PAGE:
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Phyllosilicates in Tyrrhena Terra
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Phyllosilicates in Tyrrhena Terra

Acquired Date: June 17, 2007
Release Date: January 24, 2014
Latitude: 27.23 S
Longitude: 60.34 E
Keywords: Crater Interior/Rim/Ejecta, Hydrated Mineral, Phyllosilicate minerals, Southern Highlands
Parameters: BD1900R/BD1950 (H2O), BD2210 (Al-OH minerals), D2300 (Fe-Mg phyllosilicates)

This image shows spectral signatures of hydrated silicate minerals in Tyrrhena Terra, a heavily-cratered region about 2,300 kilometers (1,430 miles) across, comparable to the length of Australia’s Great Barrier Reef. Clay-like minerals called phyllosilicates, which in this region are rich in iron and magnesium, appear in pink and are concentrated alongside the nearby crater. Phyllosilicates are formed by chemical reactions of rock with liquid water. Their presence in material excavated by the crater suggests that liquid water reacted with rock units that were deeply buried at the time the crater formed.



This image shows spectral signatures of hydrated silicate minerals in Tyrrhena Terra, a heavily-cratered region about 2,300 kilometers (1,430 miles) across, comparable to the length of Australia’s Great Barrier Reef. Clay-like minerals called phyllosilicates, which in this region are rich in iron and magnesium, appear in pink and are concentrated alongside the nearby crater. Phyllosilicates are formed by chemical reactions of rock with liquid water. Their presence in material excavated by the crater suggests that liquid water reacted with rock units that were deeply buried at the time the crater formed.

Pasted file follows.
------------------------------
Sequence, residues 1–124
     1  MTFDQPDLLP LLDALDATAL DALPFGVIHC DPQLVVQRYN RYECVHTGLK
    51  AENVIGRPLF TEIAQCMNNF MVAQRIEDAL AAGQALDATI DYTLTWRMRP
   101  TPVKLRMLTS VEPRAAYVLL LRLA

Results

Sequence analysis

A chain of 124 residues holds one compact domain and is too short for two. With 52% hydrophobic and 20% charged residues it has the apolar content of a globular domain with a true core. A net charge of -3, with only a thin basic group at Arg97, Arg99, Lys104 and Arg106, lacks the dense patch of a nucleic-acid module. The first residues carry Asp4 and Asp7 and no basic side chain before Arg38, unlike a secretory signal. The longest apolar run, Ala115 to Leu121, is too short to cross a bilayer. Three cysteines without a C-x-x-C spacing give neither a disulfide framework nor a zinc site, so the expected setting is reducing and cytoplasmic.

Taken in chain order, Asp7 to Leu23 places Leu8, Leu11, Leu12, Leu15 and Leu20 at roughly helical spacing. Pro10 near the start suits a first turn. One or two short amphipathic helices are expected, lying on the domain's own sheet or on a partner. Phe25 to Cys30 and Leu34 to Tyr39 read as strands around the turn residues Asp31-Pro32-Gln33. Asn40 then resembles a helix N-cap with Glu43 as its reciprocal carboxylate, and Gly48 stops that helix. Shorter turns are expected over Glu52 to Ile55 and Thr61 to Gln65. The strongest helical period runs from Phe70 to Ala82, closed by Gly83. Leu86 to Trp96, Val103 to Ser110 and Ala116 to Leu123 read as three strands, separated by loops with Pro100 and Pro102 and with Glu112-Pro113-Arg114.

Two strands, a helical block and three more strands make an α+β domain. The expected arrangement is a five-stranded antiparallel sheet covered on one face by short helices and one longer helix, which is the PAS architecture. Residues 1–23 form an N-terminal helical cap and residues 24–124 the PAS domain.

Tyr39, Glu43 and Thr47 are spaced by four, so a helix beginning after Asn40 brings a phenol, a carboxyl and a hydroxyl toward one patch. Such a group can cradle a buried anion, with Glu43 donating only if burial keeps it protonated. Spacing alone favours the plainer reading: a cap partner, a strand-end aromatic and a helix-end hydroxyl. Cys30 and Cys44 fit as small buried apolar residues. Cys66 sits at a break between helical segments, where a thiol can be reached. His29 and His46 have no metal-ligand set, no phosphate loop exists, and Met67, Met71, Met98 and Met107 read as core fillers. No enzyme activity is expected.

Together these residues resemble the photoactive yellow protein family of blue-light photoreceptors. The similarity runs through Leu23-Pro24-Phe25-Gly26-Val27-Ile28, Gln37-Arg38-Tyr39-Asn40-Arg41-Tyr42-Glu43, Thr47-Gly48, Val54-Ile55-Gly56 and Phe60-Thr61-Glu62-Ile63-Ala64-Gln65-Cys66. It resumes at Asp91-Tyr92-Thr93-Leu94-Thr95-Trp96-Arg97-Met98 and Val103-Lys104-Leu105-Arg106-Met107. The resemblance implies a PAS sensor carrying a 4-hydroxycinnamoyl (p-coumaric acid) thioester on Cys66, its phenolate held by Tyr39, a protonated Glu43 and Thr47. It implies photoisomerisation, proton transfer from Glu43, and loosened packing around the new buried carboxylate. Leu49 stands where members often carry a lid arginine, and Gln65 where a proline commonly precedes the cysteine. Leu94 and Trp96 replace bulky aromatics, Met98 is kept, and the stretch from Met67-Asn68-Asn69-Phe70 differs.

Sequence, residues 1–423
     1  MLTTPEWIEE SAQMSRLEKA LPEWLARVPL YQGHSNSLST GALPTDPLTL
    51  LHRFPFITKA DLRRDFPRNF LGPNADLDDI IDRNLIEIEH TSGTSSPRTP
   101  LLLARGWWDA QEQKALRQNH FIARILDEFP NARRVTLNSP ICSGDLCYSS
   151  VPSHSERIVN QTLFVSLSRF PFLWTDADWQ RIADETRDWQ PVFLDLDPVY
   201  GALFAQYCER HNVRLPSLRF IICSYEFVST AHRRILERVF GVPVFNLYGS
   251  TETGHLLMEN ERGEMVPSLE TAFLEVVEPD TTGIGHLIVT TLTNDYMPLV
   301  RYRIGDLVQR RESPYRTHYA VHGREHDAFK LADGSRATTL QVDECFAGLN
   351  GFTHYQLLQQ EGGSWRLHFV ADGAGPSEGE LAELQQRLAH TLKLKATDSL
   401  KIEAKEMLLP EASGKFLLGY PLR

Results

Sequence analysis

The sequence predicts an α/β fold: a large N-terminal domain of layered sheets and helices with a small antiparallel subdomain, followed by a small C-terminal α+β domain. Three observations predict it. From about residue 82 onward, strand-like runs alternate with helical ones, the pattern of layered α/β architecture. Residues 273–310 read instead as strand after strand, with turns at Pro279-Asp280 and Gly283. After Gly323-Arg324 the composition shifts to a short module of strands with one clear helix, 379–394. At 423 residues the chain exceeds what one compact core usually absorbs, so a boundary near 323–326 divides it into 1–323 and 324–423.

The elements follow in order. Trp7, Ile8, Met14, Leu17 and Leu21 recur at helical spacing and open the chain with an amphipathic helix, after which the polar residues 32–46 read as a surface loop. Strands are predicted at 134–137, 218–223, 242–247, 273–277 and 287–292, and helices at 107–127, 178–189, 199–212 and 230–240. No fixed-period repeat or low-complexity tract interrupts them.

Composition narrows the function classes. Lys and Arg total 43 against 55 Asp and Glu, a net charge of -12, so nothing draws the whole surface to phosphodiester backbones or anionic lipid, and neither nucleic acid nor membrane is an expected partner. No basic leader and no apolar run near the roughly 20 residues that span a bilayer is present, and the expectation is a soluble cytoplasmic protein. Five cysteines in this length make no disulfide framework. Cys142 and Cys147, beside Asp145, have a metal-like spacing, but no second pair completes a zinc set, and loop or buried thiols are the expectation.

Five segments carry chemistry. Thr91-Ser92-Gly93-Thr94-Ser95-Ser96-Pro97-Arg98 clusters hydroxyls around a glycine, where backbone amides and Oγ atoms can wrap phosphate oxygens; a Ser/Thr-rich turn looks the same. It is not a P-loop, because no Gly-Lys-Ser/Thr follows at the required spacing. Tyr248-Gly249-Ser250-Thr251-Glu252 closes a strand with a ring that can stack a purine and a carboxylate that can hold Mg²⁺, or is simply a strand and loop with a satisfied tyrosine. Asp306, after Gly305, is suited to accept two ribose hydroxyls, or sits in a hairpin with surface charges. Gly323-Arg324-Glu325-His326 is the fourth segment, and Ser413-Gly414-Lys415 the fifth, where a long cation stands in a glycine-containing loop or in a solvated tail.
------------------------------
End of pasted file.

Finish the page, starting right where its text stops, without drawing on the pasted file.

Tyrrhena Terra is located to the northeast of the Hellas basin in the ancient, southern highlands of Mars. The near-surface rocks consist of layers of ejecta deposited during the formation of the Hellas basin, remnants of the pre-Hellas impact terrain, volcanic lava flows, and wind-blown sediment. Here, the material ejected by this relatively small impact crater exposes the mineralogy that was buried at 2-3 kilometers depth in the Martian crust. The presence of phyllosilicates indicates either that water reacted with rock in the subsurface, or that near-surface alteration was buried by Hellas ejecta, volcanic lavas, and/or windblown sediments.

Link to further description of the spectral parameters shown in this image can be found here.

Disclaimer: Colors shown here represent indicators of mineralogy and are not what the human eye would see.

Acknowledgements: THEMIS, MOLA, CRISM, Google Earth.

The Compact Reconnaissance Imaging Spectrometer for Mars (CRISM) is one of six science instruments on NASA's Mars Reconnaissance Orbiter. Led by The Johns Hopkins University Applied Physics Laboratory, the CRISM team includes expertise from universities, government agencies and small businesses in the United States and abroad.

CRISM's mission: Find the spectral fingerprints of aqueous and hydrothermal deposits and map the geology, composition and stratigraphy of surface features. The instrument also tracks seasonal variations in dust and ice aerosols in the Martian atmosphere, and water content in surface materials — leading to new understanding of the climate.

Credit: NASA/JPL/JHUAPL

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